by Ayn-Monique Klahre | photography by Tyler Northrup
The paths aren’t really planned, they just appear—following deer tracks or the worn-down footprints of neighborhood kids. Homeowner Pat Grady embraces them. “I like to have it open when I walk, and every once in a while I see an area where a plant dies, and I put in another path,” she says. She and her husband, Dr. Perry L. Grady, a retired N.C. State professor, have lived on this land for 35 years. Over time, the eight-acre plot has evolved to include dozens of winding walks through the trees, featuring plantings highlighted in pots or rising from the ground in bursts of color. The paths are dotted with benches, birdhouses, sculptures and a greenhouse half-hidden in the trees, a place of discovery that grandkids and local children call a fairy garden.
“I grew up on a tobacco farm in Duplin County where it was sunny and hot,” says Grady. “So when we first moved here, I’d try to grow gladiolas and zinnias but got no response.” But soon she got to know friends in the gardening community who turned her on to shade gardening. Little by little, through trial and error, Grady learned which plants would thrive.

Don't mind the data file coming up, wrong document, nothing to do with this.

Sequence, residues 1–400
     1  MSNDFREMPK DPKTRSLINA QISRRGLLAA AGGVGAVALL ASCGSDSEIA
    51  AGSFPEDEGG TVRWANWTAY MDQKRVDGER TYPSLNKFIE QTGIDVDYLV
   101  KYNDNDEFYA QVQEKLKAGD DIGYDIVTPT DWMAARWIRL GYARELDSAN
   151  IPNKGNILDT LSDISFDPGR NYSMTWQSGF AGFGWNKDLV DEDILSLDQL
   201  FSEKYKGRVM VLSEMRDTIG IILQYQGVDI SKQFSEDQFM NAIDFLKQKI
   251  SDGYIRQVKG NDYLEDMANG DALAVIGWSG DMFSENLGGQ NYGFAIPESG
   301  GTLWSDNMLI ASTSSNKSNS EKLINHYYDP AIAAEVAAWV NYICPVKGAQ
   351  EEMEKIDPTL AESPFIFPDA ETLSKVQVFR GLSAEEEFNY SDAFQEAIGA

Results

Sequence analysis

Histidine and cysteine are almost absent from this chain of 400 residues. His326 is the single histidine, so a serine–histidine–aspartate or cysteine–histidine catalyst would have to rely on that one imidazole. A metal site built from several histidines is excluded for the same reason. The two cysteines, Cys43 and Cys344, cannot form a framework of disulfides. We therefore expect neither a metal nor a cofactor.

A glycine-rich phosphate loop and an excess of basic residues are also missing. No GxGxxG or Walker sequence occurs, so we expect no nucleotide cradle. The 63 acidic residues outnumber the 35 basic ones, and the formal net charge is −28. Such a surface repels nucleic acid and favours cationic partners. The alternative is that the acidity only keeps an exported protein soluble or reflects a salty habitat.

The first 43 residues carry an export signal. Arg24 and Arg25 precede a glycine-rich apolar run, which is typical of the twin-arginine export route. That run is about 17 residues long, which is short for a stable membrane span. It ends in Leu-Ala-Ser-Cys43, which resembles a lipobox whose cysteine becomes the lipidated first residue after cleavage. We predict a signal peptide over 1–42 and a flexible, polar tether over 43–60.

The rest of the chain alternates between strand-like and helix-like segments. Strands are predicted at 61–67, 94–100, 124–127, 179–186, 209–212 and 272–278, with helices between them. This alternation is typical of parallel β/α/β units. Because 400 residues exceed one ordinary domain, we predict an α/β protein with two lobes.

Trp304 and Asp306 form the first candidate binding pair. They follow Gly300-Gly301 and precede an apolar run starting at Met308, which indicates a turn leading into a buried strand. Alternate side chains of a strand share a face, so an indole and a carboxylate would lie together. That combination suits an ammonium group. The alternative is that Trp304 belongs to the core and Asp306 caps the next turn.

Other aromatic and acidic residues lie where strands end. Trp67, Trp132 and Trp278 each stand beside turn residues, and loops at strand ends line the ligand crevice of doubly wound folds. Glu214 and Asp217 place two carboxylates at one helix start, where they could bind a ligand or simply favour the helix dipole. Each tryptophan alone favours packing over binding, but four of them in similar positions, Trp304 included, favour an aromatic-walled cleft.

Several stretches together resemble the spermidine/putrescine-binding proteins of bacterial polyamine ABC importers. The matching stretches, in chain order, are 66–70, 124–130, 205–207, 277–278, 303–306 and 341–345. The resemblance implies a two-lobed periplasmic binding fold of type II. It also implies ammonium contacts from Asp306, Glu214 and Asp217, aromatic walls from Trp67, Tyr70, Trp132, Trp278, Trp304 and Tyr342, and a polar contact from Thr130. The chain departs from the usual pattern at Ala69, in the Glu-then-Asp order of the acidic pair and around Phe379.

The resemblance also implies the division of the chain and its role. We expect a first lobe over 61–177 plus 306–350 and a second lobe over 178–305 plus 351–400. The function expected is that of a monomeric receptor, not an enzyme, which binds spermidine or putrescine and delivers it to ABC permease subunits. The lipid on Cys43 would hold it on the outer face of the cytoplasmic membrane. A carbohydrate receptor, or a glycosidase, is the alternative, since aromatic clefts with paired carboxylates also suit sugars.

“I don’t have to weed a lot—I use pine straw and mulch—and I don’t fertilize or have irrigation,” says Grady, who says that in all but the hottest weeks of summer, her plants hold up. “But this past summer, I had to go out and water by hand. At least it forces me to go out on walks!” That’s where you’ll find her until mid-afternoon most days, enjoying the shade from the trees as she works in her garden. “I like wild spaces,” she says. The yard includes wooded areas and a deep ravine that leads to a swift creek, and often Grady will find neighborhood children exploring alongside butterflies, squirrels and the occasional owl or deer.
The greenhouse was a hand-me-down from master gardener Anne Clapp. She was looking to get rid of it around the time the Gradys were building their house, so the builder took the structure down and put it back together in their yard. The Gradys heat it in the dead of winter, but don’t have to cool it. “In the summer the trees shade the greenhouse, but in the winter the leaves fall off the trees so it’s heated by the sun,” she says. Here, the sounds of modern living are miles away. Dewdrops multiply the sunlight and the pathways capture the imagination. Under Grady’s gentle hand, her land has been transformed.